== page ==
This Single Sunscreen Ingredient Could Greatly Improve Solar Panels

Zinc oxide has many useful features and it's included in a wide variety of objects and treatments. A group of scientists at Concordia University has used the material to create a superconductor that can increase solar panel efficiency and improve hydrogen gas.


May 26 2019, Updated 2:34 p.m. ET

As the summer rolls around, many Americans are reaching for the suntan lotion as they prepare to spend heaps of time outside at baseball games, parks, and at the pool. Sunblock has zinc oxide, an ingredient that’s also used in other products to treat rashes, skin irritation, chapped skin, and burns. Another useful component is that it can be a semiconductor that generates solar electricity.

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Zinc oxide is a handy substance that’s used in a wide variety of things such as rubber, lubricants, paint, adhesives, even food. It’s used in a lot of objects because it’s extremely inexpensive and easy to work with. A common misconception of the ingredient is that it gives lotions and protective sunglasses the ability to block or reflect ultraviolet radiation. Actually, organic sunscreens absorb that UV radiation and turns it into disposable heat.

This allowed physicists at Concordia University in Montreal to create a semiconductor out of zinc oxide. Their report unveils that this substance forms nanorods that can transport electricity, but it needs to be scattered in a specific pattern to do that. That used to be expensive to achieve, but that is no longer that case.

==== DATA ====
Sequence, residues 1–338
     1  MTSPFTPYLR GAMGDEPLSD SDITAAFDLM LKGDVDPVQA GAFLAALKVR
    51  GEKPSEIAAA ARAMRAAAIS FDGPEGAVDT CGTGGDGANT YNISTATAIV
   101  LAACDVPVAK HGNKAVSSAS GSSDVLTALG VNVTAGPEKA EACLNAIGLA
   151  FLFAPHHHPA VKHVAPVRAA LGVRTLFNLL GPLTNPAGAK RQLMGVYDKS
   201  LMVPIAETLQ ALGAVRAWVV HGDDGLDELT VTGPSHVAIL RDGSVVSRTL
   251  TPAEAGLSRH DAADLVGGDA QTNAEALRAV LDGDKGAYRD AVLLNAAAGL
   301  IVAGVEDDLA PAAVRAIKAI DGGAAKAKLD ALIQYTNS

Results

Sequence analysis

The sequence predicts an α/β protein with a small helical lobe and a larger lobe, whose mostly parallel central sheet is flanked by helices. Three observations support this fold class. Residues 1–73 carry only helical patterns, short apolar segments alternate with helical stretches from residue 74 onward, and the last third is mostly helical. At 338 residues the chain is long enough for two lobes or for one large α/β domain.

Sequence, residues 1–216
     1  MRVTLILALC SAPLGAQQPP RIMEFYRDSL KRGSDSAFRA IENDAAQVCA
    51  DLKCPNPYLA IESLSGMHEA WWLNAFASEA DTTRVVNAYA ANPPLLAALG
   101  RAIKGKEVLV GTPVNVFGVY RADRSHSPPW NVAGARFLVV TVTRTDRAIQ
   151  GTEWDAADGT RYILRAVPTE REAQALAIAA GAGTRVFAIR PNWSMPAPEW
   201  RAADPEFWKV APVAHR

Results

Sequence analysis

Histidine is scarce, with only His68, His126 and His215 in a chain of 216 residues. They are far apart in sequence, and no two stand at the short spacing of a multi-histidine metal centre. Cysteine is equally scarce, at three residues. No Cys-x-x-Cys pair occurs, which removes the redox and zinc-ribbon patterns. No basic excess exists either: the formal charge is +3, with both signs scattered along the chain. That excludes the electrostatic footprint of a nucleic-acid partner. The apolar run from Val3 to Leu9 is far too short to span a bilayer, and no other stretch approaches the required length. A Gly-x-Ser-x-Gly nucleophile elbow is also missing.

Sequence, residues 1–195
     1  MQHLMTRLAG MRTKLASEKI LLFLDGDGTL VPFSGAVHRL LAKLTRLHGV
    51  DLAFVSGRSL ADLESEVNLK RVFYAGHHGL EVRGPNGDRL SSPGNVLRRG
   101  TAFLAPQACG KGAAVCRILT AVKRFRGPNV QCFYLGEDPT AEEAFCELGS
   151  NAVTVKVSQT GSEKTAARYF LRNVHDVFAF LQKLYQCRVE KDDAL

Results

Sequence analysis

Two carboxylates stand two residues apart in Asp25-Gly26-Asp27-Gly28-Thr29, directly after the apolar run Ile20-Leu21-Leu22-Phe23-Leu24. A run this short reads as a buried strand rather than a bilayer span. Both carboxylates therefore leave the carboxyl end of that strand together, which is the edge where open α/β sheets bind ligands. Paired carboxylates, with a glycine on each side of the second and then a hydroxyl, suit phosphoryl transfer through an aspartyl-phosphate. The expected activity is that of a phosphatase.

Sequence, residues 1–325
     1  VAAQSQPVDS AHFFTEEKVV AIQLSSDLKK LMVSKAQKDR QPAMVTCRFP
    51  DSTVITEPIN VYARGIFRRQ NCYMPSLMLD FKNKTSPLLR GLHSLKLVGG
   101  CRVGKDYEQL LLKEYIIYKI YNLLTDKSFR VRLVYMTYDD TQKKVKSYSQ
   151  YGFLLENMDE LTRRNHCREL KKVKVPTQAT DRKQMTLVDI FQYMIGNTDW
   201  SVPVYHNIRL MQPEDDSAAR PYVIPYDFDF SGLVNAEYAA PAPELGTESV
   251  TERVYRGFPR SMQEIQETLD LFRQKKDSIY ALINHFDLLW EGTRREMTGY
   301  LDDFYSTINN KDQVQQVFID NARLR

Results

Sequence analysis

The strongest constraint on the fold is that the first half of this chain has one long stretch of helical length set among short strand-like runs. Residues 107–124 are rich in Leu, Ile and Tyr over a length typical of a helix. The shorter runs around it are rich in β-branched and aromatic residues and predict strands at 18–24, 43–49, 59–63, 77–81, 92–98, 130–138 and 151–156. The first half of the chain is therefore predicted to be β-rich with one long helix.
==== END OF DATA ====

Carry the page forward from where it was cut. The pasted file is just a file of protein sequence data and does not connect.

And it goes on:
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By doing this method, they would be able to create photonic crystals that have the ability to capture any form of light, or it can detect forms of gas in the area. What makes that important is it can improve solar panels by limiting temperature increase. Marlene Cimons of Popular Science explains how it can also create hydrogen fuel cells.

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Since zinc oxide absorbs energy from sunlight, putting nanorods in water causes the absorbed energy from the sun to break the bond between the oxygen and hydrogen atoms in water molecules, generating hydrogen gas.

Does this mean we can just add sunscreen to solar panels to increase their efficiency? Probably not, but it isn’t the most ridiculous thing to consider. It actually depends on what sunscreen is applied on the panel. If it’s the white substance, that means it’s likely inorganic and will simply reflect the sunlight. That would end up making the solar panels useless let alone anywhere near efficient.

When it comes to protection and efficiency, the glass surrounding the solar panels usually absorb the radiation anyway. It essentially is a sunscreen by itself, so it renders any application of lotion useless on the panels. Another great way to keep those solar panels cool is to keep enough space between the roof and the panel itself to create a draft, which is what a California startup is focusing on in their version of the solar roof.


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